Jul 3,2019 / News / Legal Brief

By Pieter Steyn, Director

On 11 June 2019, the Broad‑Based Black Economic Empowerment (BBBEE) Commission published its findings and recommendations following an anonymous complaint relating to Eskom’s procurement process for a R4 billion boiler at Duvha Power Station. Eskom’s procurement policy and tender specifically required tenderers to have a level 4 BBBEE rating. Eskom awarded the tender to Dong Fang Electric Corporation, a Chinese company. However, Dong Fang did not submit a certificate confirming its BBBEE rating and was 100% Chinese owned. It also submitted the highest price for the tender.

The contract between Eskom and Dong Fang recorded that Dong Fang was exempt from submitting a BBBEE certificate and that Dong Fang would obtain a letter from the Department of Trade and Industry to confirm this. As the Commission correctly found, there is no basis for the Department to issue such exemption under the BBBEE Act and in any event, Eskom had failed to comply with its own tender requirements and procurement policy.

Dong Fang submitted an unsigned affidavit confirming that it had annual turnover of less than R10 million and accordingly was an Exempt Micro Enterprise (EME) with a deemed BBBEE level 4. The Commission noted that where the value of a tender exceeds R10 million, an affidavit may not be submitted by an EME and a score card for a “qualifying small enterprise” must be provided. The Commission noted that Dong Fang may have misrepresented its BBBEE status by passing itself off as an EME with a deemed level 4 BBBEE rating.

Although procurement by state-owned entities is primarily regulated by the Preferential Procurement Policy Framework Act (PPPFA), the Commission relied on the provisions of section 10 of the BBBEE Act to found its jurisdiction. Section 10 obliges every organ of state and public entity to apply the Codes of Good Practice issued in terms of the BBBEE Act in developing and implementing a preferential procurement policy. Although the Minister of Trade and Industry may exempt an organ of state or public entity from this requirement, no such exemption has been granted to Eskom.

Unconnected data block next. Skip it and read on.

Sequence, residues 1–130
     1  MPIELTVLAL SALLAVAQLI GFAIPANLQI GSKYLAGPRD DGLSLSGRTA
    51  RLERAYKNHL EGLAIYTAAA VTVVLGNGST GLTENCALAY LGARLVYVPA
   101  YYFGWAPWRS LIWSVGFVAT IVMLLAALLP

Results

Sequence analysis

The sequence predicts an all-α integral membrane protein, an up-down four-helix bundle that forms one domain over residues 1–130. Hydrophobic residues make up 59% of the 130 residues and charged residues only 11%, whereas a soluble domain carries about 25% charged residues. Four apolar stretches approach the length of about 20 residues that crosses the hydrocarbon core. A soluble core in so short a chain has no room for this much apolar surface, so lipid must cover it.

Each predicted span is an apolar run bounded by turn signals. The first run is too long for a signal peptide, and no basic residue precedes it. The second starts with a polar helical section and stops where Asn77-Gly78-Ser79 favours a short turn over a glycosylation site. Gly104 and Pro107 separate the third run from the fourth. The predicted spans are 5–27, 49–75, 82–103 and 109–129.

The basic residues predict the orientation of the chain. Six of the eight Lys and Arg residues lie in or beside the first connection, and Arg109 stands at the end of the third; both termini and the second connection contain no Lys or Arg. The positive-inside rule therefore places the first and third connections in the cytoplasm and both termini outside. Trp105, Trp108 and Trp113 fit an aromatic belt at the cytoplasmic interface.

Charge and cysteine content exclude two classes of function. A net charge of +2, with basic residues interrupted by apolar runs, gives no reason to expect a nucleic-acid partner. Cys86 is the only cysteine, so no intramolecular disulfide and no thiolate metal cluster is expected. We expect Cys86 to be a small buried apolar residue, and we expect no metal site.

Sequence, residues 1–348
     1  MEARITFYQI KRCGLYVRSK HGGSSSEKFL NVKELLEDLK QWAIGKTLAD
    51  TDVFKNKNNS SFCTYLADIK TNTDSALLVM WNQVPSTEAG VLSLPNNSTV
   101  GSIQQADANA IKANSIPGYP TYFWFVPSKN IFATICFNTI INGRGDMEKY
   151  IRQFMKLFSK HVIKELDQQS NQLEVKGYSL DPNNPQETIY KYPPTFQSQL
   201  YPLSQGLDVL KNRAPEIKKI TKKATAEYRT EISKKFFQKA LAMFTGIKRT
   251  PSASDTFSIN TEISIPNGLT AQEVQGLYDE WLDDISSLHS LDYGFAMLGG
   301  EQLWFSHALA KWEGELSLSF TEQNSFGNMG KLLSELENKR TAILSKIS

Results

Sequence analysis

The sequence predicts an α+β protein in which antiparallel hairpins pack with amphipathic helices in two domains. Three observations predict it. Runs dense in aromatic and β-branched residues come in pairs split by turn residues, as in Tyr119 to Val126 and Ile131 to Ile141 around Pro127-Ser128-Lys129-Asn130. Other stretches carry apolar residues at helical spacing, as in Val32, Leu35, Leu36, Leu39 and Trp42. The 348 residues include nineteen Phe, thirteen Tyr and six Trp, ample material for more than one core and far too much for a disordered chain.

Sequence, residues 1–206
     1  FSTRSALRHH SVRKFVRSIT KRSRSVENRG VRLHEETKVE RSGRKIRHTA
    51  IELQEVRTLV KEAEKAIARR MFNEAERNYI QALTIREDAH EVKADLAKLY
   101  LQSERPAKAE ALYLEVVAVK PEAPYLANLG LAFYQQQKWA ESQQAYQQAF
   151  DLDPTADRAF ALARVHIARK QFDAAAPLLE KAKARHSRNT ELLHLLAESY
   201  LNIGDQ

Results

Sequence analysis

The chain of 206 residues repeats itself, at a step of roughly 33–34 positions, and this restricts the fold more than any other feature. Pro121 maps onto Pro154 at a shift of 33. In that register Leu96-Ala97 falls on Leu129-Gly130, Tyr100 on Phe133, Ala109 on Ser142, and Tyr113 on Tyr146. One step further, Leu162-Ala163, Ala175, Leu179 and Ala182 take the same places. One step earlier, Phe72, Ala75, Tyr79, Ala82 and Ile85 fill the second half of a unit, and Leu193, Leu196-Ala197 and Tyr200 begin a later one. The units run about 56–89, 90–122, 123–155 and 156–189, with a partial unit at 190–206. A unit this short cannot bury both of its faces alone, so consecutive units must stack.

The Commission found that Eskom had not made an effort to remedy its non‑compliance with section 10, had failed to cooperate and demonstrate good faith during the Commission’s investigation and had withheld crucial information. The Commission’s recommendations included that:

  • Eskom cancel the contract awarded to Dong Fang;
  • if the cancellation was not possible, Eskom should apply to Court to declare the contract invalid;
  • Eskom should commission an independent audit to determine the compliance with the BBBEE Act of all contracts awarded by Eskom from 2014 to date to the value of R1 billion or more;
  • an independent forensic investigation should be conducted to determine the appropriateness of relationships between Dong Fang and Eskom officials, executives and board members, including whether any payments were made to officials or their related entities or family members;
  • steps, where applicable, should be taken in respect of Eskom officials involved in awarding the tender to Dong Fang, including Mr Charles Kalima;
  • any criminal activities should be reported by Eskom to the South African Police Services;
  • the Commission should refer Eskom’s apparent violation of the PPPFA to the National Treasury;
  • the Commission should report Eskom to the Companies and Intellectual Property Commission, the Public Protector and the Minister of Public Enterprises.

Eskom is stated to have accepted all the Commission’s recommendations.

The Commission’s findings in this case set a very important precedent. It is the first published case involving a state-owned enterprise and relying on section 10 of the BBBEE Act. The legal framework for state tenders is complex and BBBEE remains an important criterion to be taken into account. The Commission has made it clear that it will actively investigate failures by state-owned enterprises to comply with BBBEE requirements. Other state-owned enterprises need to carefully consider their own procurement policies and practices in light of this case. Business also needs to carefully consider the use of “start ups” or shelf companies as vehicles to apply for state tenders, especially if  reliance is made on the deemed level 4 BBBEE of EMEs and where the shareholders have more than R10 million annual revenue.